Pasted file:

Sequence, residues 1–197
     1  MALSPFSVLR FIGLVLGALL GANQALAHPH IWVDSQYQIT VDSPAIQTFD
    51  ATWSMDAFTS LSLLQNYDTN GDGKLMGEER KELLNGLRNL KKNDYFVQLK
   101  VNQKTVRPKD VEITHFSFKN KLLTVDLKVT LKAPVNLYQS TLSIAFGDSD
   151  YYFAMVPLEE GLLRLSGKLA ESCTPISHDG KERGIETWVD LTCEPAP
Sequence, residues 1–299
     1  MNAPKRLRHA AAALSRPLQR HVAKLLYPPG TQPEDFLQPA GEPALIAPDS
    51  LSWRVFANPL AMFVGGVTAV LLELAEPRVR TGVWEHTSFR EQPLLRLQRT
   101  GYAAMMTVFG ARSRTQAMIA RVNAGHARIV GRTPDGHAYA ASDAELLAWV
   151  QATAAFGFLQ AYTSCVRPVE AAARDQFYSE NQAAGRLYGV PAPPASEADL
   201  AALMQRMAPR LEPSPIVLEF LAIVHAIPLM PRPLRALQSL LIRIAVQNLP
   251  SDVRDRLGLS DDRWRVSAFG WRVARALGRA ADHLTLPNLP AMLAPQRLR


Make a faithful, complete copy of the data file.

Sequence, residues 1–197
     1  MALSPFSVLR FIGLVLGALL GANQALAHPH IWVDSQYQIT VDSPAIQTFD
    51  ATWSMDAFTS LSLLQNYDTN GDGKLMGEER KELLNGLRNL KKNDYFVQLK
   101  VNQKTVRPKD VEITHFSFKN KLLTVDLKVT LKAPVNLYQS TLSIAFGDSD
   151  YYFAMVPLEE GLLRLSGKLA ESCTPISHDG KERGIETWVD LTCEPAP
Sequence, residues 1–299
     1  MNAPKRLRHA AAALSRPLQR HVAKLLYPPG TQPEDFLQPA GEPALIAPDS
    51  LSWRVFANPL AMFVGGVTAV LLELAEPRVR TGVWEHTSFR EQPLLRLQRT
   101  GYAAMMTVFG ARSRTQAMIA RVNAGHARIV GRTPDGHAYA ASDAELLAWV
   151  QATAAFGFLQ AYTSCVRPVE AAARDQFYSE NQAAGRLYGV PAPPASEADL
   201  AALMQRMAPR LEPSPIVLEF LAIVHAIPLM PRPLRALQSL LIRIAVQNLP
   251  SDVRDRLGLS DDRWRVSAFG WRVARALGRA ADHLTLPNLP AMLAPQRLR